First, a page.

The system will indeed remain for some large time in the "plus phase" if you start in the plus phase and set the magnetic field to a small negative value. It will decay to the (true equilibrium) minus phase after a time of the order $\exp(\lambda_{\rm c}/|h|)$, where $\lambda_{\rm c}$ is an explicit constant. The claim is roughly that, for $|h|\ll 1$, at any time of order $\exp(\lambda/|h|)$ with $\lambda<\lambda_c$, the system will be in the "plus phase", while at any time of order $\exp(\lambda/|h|)$ with $\lambda>\lambda_c$, the system will be in the (equilibrium) minus phase.

At time of order $\exp(\lambda/|h|)$ with $\lambda<\lambda_c$, they also derive an asymptotic expansion for the expectation of local observables as a series in $h$, which shows that the "metastable plus phase" can be described as a $C^\infty$ continuation of the equilibrium $+$ phase that exists when $h\geq 0$ to (small) negative $h$.

This analysis is particularly interesting, because it is known that one cannot describe metastability in the Ising model using an analytic continuation of the free energy from positive values of $h$ to negative values of $h$. Indeed, the free energy has an essential singularity at $h=0$ which prevents any such analytic continuation. In this sense, metastability can really be addressed only as a dynamical phenomenon.

(The fact that such a simple description of metastability is possible in the van der Waals-Maxwell theory is a consequence of the mean-field-type assumptions underlying this theory, which prevents spatial segregation of phases).

  • $\begingroup$ Thank you for your insightful answer! It's very interesting that one cannot naively analytically continue the free energy through the branch cut given the essential singularity, but that local observables are still smooth continuations of their values before the branch cut. Regarding the first point: perhaps the issue is simply with the noncommuting limits $N \rightarrow \infty$ and $h \rightarrow 0$. Assuming one takes the thermodynamic limit first for fixed $h$, is it not correct to say that we always obtain a single-valued magnetization? $\endgroup$
    – Zack
    Aug 11, 2020 at 19:16
  • $\begingroup$ Yes, if you take the limits in the order $\lim_{h\downarrow 0}\lim_{L\to\infty}$, then you get the plus state, which is extremal and, as all extremal states, has deterministic macroscopic observables. But still, this means that you need to know more than the values of the thermodynamic parameters $\beta$ and $h$: you need to know how the system was prepared! If you had taken the limits as $\lim_{h\uparrow 0}\lim_{L\to\infty}$, then you'd have gotten the minus state, in which the magnetization takes on the opposite value... $\endgroup$ Aug 11, 2020 at 19:38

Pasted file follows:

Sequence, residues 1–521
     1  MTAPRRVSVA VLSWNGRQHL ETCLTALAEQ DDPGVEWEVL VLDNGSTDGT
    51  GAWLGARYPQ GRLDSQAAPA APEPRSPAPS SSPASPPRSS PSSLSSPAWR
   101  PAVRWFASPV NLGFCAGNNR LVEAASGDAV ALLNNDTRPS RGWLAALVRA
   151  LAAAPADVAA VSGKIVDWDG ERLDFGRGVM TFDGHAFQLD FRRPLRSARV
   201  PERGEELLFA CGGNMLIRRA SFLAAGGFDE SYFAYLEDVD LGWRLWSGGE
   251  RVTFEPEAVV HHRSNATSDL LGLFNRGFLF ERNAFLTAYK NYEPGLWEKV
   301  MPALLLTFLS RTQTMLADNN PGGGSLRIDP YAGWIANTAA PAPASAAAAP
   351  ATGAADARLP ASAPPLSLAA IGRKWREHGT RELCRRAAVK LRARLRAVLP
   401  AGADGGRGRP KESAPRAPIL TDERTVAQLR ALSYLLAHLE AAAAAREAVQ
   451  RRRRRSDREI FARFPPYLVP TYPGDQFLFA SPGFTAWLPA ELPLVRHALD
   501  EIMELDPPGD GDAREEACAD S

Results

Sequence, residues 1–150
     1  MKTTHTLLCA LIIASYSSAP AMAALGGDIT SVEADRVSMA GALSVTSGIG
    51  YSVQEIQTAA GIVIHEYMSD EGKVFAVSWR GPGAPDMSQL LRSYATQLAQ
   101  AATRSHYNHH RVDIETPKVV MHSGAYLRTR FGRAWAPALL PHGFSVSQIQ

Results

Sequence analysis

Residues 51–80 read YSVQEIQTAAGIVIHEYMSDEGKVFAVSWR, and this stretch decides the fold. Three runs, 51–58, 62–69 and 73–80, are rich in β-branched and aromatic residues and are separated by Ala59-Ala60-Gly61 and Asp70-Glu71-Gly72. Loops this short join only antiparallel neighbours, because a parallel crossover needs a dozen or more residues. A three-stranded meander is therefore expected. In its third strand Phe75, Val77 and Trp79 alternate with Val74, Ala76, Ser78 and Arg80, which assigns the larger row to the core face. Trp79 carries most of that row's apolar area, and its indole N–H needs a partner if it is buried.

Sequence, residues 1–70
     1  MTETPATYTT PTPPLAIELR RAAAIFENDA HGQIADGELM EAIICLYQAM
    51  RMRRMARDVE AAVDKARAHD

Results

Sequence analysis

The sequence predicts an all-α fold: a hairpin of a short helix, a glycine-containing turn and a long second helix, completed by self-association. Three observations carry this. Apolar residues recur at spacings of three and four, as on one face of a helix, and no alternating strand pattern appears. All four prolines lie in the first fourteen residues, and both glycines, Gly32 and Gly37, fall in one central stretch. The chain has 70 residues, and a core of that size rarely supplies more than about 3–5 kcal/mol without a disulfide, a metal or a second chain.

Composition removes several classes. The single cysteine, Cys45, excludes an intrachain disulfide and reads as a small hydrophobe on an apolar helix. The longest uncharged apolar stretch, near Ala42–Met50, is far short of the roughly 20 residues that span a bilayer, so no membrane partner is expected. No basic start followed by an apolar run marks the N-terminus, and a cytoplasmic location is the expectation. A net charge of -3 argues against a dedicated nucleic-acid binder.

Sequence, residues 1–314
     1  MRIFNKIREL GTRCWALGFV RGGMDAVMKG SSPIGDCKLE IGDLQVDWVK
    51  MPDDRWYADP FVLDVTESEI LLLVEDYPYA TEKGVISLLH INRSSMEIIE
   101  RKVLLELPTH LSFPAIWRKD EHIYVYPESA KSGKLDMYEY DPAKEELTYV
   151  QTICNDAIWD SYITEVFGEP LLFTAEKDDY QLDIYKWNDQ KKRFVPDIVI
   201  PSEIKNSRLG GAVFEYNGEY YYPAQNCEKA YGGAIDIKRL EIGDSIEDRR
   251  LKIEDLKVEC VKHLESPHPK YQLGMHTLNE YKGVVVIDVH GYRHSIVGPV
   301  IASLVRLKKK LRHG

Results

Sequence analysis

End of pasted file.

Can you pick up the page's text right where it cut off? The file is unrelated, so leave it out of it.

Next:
• $\begingroup$ Note that when you have a unique macroscopic state (that is, when the system is not at a first-order phase transition), fixing the thermodynamic parameters is of course sufficient to completely determine the state (it's unique, so there's no possible ambiguity!). In particular, it does not matter in which way the system was brought to its current state. However, in both previous examples, the final state corresponds to the same values of $\beta>\beta_{\rm c}$ and $h=0$ and differ only in how they were prepared. $\endgroup$ Aug 11, 2020 at 19:39
  • $\begingroup$ I see. By discussing how the system is "prepared", we really mean "the limiting procedure by which we take $N \rightarrow \infty$ and $h \rightarrow 0$", correct? I haven't done the proper math to check, but I'm guessing that you obtain the different values between $\pm m^*$ you described in your original post by different trajectories in $(N,h)$ space towards $(\infty,0)$. $\endgroup$
    – Zack
    Aug 11, 2020 at 20:19
  • $\begingroup$ Well, playing only with $h$, one can only reach $\pm m^*(\beta)$. There are of course other ways of "preparing" the system to reach the other values (playing with boundary conditions, or playing with $\beta$ too, etc.). But yes, the main point is that at a first-order phase transition point, all these things have an impact on the final state. $\endgroup$ Aug 11, 2020 at 22:02